Published on Friday, September 2, 2005 by the Globe & Mail (Canada)
Nasty, Brutish -- Society's Net Snaps
Every-man-for-himself ethos serves Americans poorly in times of crisis when people must pull together
by Doug Saunders
|At one point yesterday, as a helicopter-mounted camera showed a teeming swell of furious, gun-toting Louisiana residents mobbing a busload of supplies, a stunned British TV anchor spoke his mind on the air: "I'm having trouble believing that we're watching the continental United States of America. I mean, it looks like Rwanda."
A complete societal breakdown: Nobody expected that from hurricane Katrina, but that is what seems to have engulfed the northern coast of the Gulf of Mexico. The threads that hold society together have unraveled, leaving destruction, looting, violence and desperation.
Americans, who rely on faith and fortune for so many of their most successful endeavors, are beginning to ask how those qualities have failed them so badly. Why is it that in some places struck by catastrophes of similar magnitude, entire societies pull together in enriching acts of mutual assistance, while other societies collapse into self-annihilation?
"Philosophers like John Locke and Thomas Hobbes tried to imagine what a 'state of nature' looked like -- we're now seeing it inside the United States and it's really brutal," says Alan Wolfe, a political scientist at Boston University who has written widely on the fragile foundations of U.S. society. "We're going to have to ask: 'How did we allow this to happen?' ''
In much poorer societies, such as Indonesia and Sri Lanka after the Boxing Day tsunami, or in more polarized societies like Montreal during the 1998 ice storm, scenes of looting, violence and selfish desperation did not occur. But the large U.S. cities of the South have a very different sort of group psychology, in which faith in individual fortune replaces the fixed social roles that keep other places aloft during crises.
In U.S. cities like New Orleans, in the analysis of the American-British organizational psychologist Cary Cooper, social cohesion depends on a shared belief that individual hard work, good luck and God's grace will bring a person out of poverty and into prosperity. But those very qualities can destroy the safety net of mutual support that might otherwise help people in an emergency.
"Fear itself motivates people in the U.S. -- the fear that you could lose everything," Prof. Cooper said in an interview yesterday from his office at the University of Lancaster. "That creates the best in American society, the inventiveness, but the moment the net is pulled out, it becomes a terrible jungle."
Observers have long recognized this tendency to societal breakdown concealed within the mass psychology of U.S. success.
"The moral mandate to achieve success exerts pressure to succeed by fair means, if possible, and by foul means, if necessary," the sociologist Robert Merton wrote in the 1960s. In times of crisis, fair means are too often replaced by foul.
There are exceptions: The extraordinary mass acts of mutual support that followed the Sept. 11 attacks in Lower Manhattan or the floods in the Dakotas, for instance, or the charitable activity that has all but ended the AIDS crisis in the United States.
But historians point to a constant threat of self-destructive breakdowns that seem to dot U.S. history, belying the thin veneer of civility that sits between entrepreneurial prosperity and mass chaos. The individualistic, egalitarian, anti-authoritarian values that have made the United States succeed have always been accompanied by an every-man-for-himself ethos that can destroy the system itself.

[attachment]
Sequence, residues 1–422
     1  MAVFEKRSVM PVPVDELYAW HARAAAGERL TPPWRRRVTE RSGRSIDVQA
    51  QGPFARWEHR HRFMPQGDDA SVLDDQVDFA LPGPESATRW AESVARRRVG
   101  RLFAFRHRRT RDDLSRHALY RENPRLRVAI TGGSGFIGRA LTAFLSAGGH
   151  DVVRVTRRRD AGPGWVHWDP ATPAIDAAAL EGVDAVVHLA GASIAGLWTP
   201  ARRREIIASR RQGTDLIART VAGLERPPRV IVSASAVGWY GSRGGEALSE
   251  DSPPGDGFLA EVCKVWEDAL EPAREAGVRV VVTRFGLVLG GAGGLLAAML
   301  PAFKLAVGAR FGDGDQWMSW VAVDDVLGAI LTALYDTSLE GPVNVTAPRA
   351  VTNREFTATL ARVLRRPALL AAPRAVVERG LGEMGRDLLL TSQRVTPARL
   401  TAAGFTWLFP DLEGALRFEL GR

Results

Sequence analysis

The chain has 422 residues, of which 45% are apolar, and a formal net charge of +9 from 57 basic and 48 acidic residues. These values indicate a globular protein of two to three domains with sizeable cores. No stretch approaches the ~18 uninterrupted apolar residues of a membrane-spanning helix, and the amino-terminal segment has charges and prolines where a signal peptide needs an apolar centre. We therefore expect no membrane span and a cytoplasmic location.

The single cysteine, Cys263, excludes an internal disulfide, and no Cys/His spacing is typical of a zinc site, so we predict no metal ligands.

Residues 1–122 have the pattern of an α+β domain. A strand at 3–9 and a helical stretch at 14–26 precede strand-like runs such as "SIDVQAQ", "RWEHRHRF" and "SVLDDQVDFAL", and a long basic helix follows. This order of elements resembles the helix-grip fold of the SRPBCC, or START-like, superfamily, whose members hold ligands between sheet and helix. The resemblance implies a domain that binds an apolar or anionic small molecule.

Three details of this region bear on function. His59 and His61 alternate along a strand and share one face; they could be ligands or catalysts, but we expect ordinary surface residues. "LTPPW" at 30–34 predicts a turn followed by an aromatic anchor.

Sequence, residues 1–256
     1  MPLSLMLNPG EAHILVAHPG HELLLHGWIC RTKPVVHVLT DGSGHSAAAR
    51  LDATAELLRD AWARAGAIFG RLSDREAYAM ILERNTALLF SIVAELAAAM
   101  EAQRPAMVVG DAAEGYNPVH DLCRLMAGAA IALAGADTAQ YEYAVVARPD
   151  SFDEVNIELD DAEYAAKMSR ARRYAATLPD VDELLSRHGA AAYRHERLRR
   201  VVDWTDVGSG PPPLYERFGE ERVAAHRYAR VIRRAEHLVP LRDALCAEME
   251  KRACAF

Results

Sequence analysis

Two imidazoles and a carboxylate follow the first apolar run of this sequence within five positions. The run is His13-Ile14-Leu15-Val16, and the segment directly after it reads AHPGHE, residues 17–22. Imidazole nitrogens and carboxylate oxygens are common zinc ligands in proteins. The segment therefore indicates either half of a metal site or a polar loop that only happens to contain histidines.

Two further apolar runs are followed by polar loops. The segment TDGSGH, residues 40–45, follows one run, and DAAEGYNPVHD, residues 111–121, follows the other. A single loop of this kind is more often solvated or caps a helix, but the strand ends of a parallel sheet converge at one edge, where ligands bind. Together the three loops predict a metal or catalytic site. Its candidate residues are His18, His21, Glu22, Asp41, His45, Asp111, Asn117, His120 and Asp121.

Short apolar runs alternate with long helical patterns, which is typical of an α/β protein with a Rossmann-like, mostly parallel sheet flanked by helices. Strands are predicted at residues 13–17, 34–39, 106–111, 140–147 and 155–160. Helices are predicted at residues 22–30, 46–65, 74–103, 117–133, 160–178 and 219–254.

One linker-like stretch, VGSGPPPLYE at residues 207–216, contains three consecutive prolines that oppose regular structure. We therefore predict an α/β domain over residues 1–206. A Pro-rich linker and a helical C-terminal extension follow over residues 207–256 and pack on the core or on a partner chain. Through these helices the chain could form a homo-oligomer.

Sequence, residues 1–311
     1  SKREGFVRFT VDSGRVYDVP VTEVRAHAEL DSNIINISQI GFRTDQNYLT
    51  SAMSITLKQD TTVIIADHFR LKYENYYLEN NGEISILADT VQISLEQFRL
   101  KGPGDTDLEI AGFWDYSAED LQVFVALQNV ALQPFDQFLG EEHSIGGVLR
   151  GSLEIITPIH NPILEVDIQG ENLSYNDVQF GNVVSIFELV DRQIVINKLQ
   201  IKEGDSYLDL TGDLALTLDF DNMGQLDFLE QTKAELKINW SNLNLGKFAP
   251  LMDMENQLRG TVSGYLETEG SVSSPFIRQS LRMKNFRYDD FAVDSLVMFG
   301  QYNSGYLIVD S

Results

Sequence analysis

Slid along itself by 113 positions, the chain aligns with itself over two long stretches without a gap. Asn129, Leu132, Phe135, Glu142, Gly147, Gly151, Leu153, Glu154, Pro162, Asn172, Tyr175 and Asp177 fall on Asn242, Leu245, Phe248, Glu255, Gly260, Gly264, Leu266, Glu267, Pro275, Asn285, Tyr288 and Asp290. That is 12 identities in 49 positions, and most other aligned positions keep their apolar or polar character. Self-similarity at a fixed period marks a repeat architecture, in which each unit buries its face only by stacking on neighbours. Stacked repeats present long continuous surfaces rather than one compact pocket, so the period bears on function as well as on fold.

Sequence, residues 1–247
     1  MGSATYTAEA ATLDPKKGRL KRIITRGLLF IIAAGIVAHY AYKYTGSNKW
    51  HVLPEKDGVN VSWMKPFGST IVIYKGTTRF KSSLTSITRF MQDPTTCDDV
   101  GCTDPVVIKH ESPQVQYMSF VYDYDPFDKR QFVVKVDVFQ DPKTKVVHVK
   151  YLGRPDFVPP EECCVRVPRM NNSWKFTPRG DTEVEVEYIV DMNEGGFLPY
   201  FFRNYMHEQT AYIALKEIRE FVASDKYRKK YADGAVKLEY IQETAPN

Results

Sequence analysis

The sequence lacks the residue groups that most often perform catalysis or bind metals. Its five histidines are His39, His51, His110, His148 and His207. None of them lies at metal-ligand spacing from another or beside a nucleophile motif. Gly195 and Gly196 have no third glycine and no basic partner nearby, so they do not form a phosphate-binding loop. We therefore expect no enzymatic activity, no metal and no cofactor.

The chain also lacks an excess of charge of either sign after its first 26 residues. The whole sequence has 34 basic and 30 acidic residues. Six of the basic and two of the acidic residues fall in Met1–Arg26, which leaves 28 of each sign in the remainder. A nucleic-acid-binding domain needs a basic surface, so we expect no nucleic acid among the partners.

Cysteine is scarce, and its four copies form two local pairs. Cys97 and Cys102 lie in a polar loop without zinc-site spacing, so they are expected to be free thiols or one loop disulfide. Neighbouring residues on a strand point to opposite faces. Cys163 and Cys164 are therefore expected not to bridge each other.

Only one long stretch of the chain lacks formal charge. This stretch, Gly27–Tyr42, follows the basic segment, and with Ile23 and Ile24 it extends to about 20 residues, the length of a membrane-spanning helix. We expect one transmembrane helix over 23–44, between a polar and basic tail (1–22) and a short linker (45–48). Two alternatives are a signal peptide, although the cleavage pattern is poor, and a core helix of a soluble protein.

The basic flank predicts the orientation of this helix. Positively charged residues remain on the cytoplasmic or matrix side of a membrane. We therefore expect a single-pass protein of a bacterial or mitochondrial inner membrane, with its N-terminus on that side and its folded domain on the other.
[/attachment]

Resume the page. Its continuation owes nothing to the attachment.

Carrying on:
"America's egalitarian and meritocratic foundations tend to undercut just those institutions that sustain the values that so concern us," the American sociologist Seymour Martin Lipset wrote in his book American Exceptionalism.
The U.S. historian Steven Mintz says that the Americans of the early 19th century were constantly haunted by "the specter of social breakdown . . . rising lawlessness, poverty, prostitution, irreligion and violence, which, if not stopped, threatened to destroy the new nation's democratic experiment."
He quotes Sidney George Fisher, a well-off Philadelphian of 1844 whose reaction to the events of the day -- riots between anti-immigration Nativists and recent Irish Catholic immigrants, chiefly over education -- seem to echo the responses of many educated Americans to this week's scenes from New Orleans.
Witnessing the crazed, starved mobs bent on violence who overtook the cities in those days, he said the country seemed "destined to be destroyed by the eruption of the dark masses of ignorance and brutality which lie beneath it, like the fires of a volcano."
In seeking parallels to the current shocking breakdown of basic social functioning in Louisiana and Mississippi, a number of U.S. thinkers said they have been forced to go back to the Lisbon earthquake of 1755.
That disaster, which utterly destroyed one of the most pious cities of the old Roman Catholic empire at the peak of its success, revealed to people across Europe that faith in God's good grace was not enough to keep a society aloft.
The earthquake provoked the leading philosophers and politicians of the age to seek answers outside the confines of the church, and led to the creation of secular thought and the modern nation-state.
This search for a new faith, in something less magical and more likely to save our cities, was the direct motivation for the concept of the 'state of nature,' in which life is 'nasty, brutish and short,' against which the philosophers described a new, secular order -- the same one that gave rise to the American Revolution.
© 2005 Globe and Mail